Far more than middle school, high school requires students to engage in abstract thinking and modes of argument. The skill of writing is crucial for articulating and furthering these arguments and it’s therefore imperative that upon entering high school, students need to quickly and significantly improve their writing. Complicating this mission, students entering high […]
Far more than middle school, high school requires students to engage in abstract thinking and modes of argument. The skill of writing is crucial for articulating and furthering these arguments and it’s therefore imperative that upon entering high school, students need to quickly and significantly improve their writing. Complicating this mission, students entering high school often arrive with varying levels of writing expertise, since they come from diverse middle schools. And ultimately, communication skills – most specifically writing – are amongst the most critical required skills in almost all fields.
To address these issues, MTA’s Mrs. Hadassah Siegfried has worked to create a Freshman writing curriculum at the yeshiva high school that allows students of all backgrounds to vastly and swiftly improve their writing abilities. Revision, the act of revisiting and improving former essays, lies at the center of Mrs. Siegfried’s curriculum.
Mrs. Siegfried, who had taught previously at MTA from 2002-2005, returned to MTA in the fall of 2011. She was tasked with teaching writing to the entire ninth grade, and used this opportunity to re-structure the writing class around the concept of revision. Her philosophy is that students gain and grow most when they consciously internalize which writing techniques work and which do not. While all writing classes require students to write and feature feedback from teachers, often times students simply scan and ignore these comments. By encouraging and requiring revision, students will work hard to identify the successes and flaws in their writing, and work diligently to fix their flaws. Gedalya Aeder, a current freshman, has experience the power of revision first-hand. He explained that “the freshman writing program has been essential to my improvement in my writing ability. Being able to revise our essays, gives us a chance to learn from our mistakes and to improve upon them.”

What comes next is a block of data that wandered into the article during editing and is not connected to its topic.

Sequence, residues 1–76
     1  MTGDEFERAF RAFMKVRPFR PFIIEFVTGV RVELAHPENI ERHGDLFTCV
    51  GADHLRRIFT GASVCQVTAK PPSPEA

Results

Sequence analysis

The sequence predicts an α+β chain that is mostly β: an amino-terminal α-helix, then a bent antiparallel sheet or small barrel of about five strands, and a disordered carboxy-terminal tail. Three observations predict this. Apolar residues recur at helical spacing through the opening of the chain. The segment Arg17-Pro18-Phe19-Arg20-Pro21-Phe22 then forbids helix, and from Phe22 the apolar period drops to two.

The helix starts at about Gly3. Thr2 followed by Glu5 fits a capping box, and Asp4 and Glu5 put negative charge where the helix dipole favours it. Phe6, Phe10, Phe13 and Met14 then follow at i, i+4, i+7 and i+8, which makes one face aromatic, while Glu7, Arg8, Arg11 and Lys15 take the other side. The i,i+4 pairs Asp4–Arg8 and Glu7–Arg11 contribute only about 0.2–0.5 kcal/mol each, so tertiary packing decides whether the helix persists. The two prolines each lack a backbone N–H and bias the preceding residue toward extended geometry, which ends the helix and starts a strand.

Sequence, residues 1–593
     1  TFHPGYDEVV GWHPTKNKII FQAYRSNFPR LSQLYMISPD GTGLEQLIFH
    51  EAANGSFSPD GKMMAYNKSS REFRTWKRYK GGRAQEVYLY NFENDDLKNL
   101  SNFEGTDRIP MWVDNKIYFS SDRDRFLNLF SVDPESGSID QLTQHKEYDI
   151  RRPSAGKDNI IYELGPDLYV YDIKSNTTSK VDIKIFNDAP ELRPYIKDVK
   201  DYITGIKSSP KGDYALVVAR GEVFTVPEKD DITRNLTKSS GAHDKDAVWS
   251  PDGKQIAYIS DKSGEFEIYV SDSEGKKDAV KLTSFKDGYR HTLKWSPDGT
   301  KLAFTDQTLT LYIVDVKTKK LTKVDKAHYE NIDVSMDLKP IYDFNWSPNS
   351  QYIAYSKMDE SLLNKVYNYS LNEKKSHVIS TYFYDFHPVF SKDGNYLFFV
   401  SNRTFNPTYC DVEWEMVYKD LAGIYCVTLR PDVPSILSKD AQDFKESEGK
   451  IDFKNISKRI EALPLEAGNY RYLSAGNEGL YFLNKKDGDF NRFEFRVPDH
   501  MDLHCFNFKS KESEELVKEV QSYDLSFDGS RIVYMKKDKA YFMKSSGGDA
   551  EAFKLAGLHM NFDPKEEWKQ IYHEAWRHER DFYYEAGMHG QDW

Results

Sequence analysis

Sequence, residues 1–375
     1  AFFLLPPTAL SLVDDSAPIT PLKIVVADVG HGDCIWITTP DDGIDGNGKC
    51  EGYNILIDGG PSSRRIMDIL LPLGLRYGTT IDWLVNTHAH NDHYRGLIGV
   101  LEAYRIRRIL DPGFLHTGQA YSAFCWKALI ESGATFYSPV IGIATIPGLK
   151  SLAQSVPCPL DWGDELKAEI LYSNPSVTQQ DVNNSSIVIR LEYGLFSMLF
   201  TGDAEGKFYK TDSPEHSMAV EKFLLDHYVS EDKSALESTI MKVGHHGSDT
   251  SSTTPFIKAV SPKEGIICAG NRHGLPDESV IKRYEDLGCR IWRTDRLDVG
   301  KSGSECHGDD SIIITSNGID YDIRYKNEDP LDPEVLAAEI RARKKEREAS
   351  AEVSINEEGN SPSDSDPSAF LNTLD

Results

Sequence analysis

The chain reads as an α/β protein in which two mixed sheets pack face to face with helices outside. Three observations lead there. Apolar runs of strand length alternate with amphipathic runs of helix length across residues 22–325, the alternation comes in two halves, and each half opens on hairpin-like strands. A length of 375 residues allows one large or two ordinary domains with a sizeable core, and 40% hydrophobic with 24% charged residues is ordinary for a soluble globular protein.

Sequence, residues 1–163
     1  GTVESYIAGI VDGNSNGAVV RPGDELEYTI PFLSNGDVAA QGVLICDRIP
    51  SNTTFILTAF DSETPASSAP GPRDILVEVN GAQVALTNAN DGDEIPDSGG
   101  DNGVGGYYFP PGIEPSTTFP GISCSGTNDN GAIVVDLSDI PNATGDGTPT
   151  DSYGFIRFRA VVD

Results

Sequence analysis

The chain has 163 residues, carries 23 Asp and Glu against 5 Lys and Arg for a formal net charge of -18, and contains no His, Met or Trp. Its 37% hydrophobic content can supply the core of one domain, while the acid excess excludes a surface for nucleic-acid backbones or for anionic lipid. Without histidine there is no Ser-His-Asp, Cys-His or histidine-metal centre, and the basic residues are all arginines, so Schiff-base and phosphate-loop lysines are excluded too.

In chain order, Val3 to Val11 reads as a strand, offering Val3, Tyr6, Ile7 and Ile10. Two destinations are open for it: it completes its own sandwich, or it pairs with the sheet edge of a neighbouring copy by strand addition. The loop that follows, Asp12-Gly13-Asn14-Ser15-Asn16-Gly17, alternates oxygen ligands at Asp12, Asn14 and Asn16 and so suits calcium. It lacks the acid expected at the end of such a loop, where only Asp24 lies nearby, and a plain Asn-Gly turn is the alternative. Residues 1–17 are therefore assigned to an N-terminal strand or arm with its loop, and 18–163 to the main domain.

Mrs. Siegfried assigns fewer individual writing assignments per semester than other teachers might assign, and instead focuses her efforts on helping students revise and improve their essays. She pores over every essay that gets submitted, offering extensive feedback and corrections. She also meets individually with students during lunch and office hours to review this feedback and counsel students on how to best improve their writing.
To incentivize this revision process, Mrs. Siegfried allows students to rewrite an essay as many times as they wish, and promises that the final grade will only incorporate the grade on the final version of the essay. David Tanner, a junior, explained that “the incentive of increasing my grade made me try hard to improve my writing, with great results.” Tanner emphasized that it was specifically the act of revision that improved his writing, explaining that “going through all of those revisions helped me become a better writer.
The individual attention that Mrs. Siegfried offers to each student for every iteration of their revised essays, also allows her to teach students at all academic levels. By meeting with students and going over her feedback, she can carefully offer each student the exact direction and instructions they need. Because of this, she can effectively teach students at disparate levels, helping all of them improve their writing skills and prepare them for the challenge of writing at the higher grades.
Building upon the success of the “Freshman Writing Curriculum,” four years ago MTA added a portfolio section to their writing programs in grades ten, eleven, and twelve. This portfolio requires students to submit writing from all their years in MTA, and to consciously look at how their writing has improved. At the end of the freshman year, for example, Mrs. Siegfried tells her students to upload every draft and revision they wrote during the year. This enables her students to continue to reflect on how their writing has improved. This act of self-reflection serves as the foundation of their portfolio and their writing career. As they move into higher grades, they see first-hand the effects of revision, and this inspires them to continue to work and improve their writing abilities.